that she never learned basic lessons in writing which would have prevented
      her from relying on such absurd plot cliches. I wish that when she had
      submitted the first novel to the publisher, some editor had told her, "O.K., we're
      going to accept this book, but you've got to write the rest of the series before
      we publish it. Then I'm going to sit down with you and we'll straighten up
      the plot. And we'll keep the later novels to a reasonable size."

      Wendell Wagner


      [Non-text portions of this message have been removed]
    • darancgrissom@sbcglobal.net
      You are aware these books are intended for children...right? If adults had started listening to Harry after the first book the intended audience would no
      Message 2 of 10 , Nov 9, 2003
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        You are aware these books are intended for children...right? If adults
        had started listening to Harry after the first book the intended audience
        would no longer have the main connection to the main character. Adults don't
        listen to children. This may be children's number one complaint about the
        world up until adolescence. Thus the child identifies with Harry, Hermione,
        and Ron (Also finishing the book might help). It may very well be a
        contrived plotline, but it has sold countless books. "Matilda" by Dhal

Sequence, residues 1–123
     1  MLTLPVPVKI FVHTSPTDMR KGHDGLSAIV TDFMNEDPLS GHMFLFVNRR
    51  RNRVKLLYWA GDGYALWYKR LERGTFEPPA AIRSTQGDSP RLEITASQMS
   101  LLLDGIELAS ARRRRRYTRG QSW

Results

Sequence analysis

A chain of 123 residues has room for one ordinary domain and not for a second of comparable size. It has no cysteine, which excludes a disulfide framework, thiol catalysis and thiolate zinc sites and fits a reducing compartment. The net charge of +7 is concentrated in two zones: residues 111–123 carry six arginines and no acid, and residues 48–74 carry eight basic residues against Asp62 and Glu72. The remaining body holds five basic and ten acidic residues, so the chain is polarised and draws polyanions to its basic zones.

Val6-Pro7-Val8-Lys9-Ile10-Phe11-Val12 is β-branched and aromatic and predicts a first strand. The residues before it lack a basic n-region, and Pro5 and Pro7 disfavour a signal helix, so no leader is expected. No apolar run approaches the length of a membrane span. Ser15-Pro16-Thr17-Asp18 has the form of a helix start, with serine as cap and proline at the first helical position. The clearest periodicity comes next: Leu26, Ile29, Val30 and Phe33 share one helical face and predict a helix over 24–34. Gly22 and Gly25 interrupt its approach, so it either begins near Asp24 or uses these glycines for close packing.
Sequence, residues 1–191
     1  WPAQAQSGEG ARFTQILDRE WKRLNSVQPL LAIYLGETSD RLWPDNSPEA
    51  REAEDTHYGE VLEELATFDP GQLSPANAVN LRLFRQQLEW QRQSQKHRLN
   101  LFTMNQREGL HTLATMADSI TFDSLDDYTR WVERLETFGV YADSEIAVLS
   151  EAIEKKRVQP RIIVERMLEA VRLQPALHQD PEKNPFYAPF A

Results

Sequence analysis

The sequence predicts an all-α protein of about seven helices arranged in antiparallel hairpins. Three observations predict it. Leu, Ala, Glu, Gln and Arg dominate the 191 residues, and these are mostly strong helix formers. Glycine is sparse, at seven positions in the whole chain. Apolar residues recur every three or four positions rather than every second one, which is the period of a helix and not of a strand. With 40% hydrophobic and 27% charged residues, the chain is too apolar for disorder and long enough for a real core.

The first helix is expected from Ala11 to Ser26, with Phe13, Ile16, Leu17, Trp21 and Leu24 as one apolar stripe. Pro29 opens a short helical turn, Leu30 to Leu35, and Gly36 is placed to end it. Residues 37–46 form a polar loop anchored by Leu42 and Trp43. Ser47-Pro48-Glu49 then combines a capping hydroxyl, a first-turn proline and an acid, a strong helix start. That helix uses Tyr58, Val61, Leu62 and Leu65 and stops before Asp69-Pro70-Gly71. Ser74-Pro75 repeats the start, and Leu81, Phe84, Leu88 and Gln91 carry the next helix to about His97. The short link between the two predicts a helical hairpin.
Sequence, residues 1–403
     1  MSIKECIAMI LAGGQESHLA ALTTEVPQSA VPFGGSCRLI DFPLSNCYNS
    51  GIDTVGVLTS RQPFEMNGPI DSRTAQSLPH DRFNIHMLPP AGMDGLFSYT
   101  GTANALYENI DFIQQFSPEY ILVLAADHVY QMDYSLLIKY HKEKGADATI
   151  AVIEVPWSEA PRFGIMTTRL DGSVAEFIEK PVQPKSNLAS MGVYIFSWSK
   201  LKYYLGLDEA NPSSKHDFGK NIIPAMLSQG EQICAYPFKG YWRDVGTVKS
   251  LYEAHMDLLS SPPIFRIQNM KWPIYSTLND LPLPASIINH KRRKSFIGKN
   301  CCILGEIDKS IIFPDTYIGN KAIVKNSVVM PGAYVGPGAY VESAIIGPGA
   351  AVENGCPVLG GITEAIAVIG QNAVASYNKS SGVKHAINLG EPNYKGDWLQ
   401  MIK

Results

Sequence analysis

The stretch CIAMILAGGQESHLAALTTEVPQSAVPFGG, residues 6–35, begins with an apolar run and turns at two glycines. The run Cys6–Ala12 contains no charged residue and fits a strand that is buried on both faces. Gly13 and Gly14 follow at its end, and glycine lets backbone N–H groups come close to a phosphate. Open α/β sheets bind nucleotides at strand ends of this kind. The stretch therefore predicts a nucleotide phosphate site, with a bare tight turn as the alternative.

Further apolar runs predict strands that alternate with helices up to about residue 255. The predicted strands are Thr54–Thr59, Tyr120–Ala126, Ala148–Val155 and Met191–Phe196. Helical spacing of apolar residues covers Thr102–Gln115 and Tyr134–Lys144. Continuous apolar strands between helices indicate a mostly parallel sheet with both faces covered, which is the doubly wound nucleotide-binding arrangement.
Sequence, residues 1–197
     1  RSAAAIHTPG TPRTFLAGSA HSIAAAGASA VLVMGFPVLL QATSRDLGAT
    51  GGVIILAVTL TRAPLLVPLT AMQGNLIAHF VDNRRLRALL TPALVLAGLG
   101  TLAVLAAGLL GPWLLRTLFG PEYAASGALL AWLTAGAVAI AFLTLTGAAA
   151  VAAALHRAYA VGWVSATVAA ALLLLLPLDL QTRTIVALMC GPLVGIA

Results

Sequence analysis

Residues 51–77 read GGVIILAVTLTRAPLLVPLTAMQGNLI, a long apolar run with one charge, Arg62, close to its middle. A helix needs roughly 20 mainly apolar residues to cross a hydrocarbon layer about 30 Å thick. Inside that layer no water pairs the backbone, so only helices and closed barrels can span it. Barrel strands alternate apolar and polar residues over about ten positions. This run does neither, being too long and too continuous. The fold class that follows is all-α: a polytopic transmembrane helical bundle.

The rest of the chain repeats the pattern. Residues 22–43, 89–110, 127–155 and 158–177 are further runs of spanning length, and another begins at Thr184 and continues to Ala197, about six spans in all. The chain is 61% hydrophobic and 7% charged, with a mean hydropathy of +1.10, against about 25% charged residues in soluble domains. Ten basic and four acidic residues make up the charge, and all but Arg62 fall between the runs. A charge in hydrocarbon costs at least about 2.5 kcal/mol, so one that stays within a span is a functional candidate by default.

comes to mind but I know of better example which I can't think of at the
        moment. Also children are not so picky about repeated plots as adults are.
        Lastly I would just like to point out that the comic misunderstanding is a
        very old and time honored (some might say worn) tradition in writing, one
        example that springs to mind is "The Comedy of Errors," nobody said "wait a
        minute" in that play.

        As to the second argument, I have the same complaint. They are always
        taught the spell they need the year they need it. I whish my Middle and
        High school educations had gone that well.
        -----Original Message-----
        From: WendellWag@... [mailto:WendellWag@...]
        Sent: Saturday, November 08, 2003 7:23 PM
        To: mythsoc@yahoogroups.com
        Subject: [mythsoc] Of Sitcom Plots and Pocket Framistans: The Trouble with
        Rowling's Plotting


        I'm 63 pages into the fifth Harry Potter book, and I'm annoyed once again
        by
        J. K. Rowling's reliance on the same flimsy plotting tricks that bothered
        me
        in the first four books. One of them is similar to a cliche of bad
        sitcoms.
        Something will happen to Harry and some adult will blame him for what
        happened
        without making the least attempt to find out what really happened.
        Nothing
        Harry says will change this person's opinion of him (even though Harry had
        shown
        himself to be trustworthy in all previous situations). This is why it
        seemed
        to me that all the adults in the books were idiots. I couldn't figure out